TEDxUCLA 2014: Open 2.0

Surfing: infinite possibilities to heal


About Carly

Carly M. Rogers, OTD, OTR/L is an ocean lifeguard, occupational therapist and surfer utilizing surfing as a therapeutic medium to heal. Rogers has been the Director of Programs for the Jimmy Miller Memorial Foundation since 2005. In this role, she oversees and coordinates a therapeutic surfing program titled Ocean Therapy, which she created while earning her master’s degree in occupational Therapy at USC (MA 2004).


Have you ever asked yourself why they run?

So many of us can visualize this image of a man running with his surfboard under his arm in his wetsuit. Many of you are thinking, “Where is that guy going?” Some of you are even seeing a girl run across the street on your morning commute.

This is something that I see every day as a Southern California native. But there’s people running to waves in Germany in rivers. There’s people jumping off cliffs in Australia. There’s even people traveling through icebergs to what, to surf? To catch a wave? It’s this incredible sport of surfing that drives them.

There’s a psychologist and theorist named Csikszentmihalyi who describes the theory of flow. Flow is your pure natural engagement with an activity where nothing else seems to matter. You were completely in the moment. Surfing has this at its core.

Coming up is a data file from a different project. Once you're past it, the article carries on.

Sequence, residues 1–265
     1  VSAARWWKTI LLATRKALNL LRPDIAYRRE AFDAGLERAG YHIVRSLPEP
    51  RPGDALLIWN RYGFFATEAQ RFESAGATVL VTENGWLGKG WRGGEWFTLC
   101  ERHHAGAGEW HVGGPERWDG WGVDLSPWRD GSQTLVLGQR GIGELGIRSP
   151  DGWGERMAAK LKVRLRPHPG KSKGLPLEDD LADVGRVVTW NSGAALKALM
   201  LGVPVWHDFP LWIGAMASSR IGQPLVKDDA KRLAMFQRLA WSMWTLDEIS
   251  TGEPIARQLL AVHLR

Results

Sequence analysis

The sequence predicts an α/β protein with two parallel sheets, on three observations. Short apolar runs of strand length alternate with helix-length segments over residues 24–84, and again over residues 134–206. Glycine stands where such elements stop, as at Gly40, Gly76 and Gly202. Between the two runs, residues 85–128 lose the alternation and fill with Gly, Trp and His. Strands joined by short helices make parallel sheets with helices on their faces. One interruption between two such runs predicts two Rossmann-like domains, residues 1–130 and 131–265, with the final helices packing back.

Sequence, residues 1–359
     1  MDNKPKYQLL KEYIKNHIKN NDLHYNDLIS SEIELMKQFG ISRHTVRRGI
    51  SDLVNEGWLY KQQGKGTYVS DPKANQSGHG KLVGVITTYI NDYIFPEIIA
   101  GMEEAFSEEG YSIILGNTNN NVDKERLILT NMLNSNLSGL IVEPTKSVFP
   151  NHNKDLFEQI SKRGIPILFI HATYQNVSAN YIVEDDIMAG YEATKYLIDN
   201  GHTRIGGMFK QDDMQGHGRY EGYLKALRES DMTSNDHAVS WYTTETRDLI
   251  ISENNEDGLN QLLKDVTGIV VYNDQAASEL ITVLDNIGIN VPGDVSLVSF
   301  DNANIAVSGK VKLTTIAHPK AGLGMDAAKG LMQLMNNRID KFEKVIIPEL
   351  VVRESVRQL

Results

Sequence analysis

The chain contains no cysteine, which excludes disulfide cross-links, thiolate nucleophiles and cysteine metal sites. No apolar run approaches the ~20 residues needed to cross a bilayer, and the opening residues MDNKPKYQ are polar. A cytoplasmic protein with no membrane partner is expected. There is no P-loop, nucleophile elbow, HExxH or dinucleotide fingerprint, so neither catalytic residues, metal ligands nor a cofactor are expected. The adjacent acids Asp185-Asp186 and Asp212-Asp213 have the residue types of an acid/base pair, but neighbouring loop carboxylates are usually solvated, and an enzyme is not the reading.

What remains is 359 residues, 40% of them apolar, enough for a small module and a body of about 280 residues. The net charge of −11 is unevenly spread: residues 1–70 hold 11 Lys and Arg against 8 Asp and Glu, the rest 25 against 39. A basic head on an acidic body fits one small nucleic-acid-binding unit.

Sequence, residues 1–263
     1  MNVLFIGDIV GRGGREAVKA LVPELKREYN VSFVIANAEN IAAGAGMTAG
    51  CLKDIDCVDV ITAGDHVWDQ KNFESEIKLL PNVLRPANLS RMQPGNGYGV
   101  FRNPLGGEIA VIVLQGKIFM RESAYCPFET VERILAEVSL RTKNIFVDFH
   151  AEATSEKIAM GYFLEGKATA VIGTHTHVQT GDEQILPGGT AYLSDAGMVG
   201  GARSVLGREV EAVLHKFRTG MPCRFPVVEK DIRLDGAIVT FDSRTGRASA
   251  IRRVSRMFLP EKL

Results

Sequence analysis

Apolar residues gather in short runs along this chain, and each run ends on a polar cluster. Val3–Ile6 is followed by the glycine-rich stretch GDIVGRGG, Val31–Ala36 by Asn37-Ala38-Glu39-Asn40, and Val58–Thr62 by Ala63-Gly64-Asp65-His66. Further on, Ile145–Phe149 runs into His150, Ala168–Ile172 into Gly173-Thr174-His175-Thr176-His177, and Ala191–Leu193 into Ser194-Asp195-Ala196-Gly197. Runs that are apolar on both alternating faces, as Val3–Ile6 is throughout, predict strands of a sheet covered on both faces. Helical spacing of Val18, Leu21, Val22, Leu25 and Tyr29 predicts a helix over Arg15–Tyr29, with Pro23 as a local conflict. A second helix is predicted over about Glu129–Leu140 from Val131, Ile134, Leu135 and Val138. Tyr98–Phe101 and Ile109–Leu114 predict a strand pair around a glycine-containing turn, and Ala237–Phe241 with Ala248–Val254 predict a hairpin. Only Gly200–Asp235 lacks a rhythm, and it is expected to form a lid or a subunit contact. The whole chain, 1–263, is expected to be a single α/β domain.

Now there are countless interpretations as to the therapeutic and healing qualities of the ocean. We can look to the physiological, the medicinal, we can look to the energy of the ocean and others. We can even look back far enough that there are countless civilizations based on the power of the ocean, like the Hawaiians and the Maori in New Zealand.

My exploration started 15 years ago as a Los Angeles County lifeguard. We were working on the beach, taking inner-city kids to the beach for surfing, some with special needs, and we were gonna teach them about ocean safety.

A young boy was wheeled onto the sand in his wheelchair and he started crawling and moving and trying to get out. I could barely get his seat belt off. And he dove out into the water, out into the sand and started crawling towards the water. Instantly, as it does now, my skin lit up and I said, “Oh, my gosh, we have to take these kids surfing.”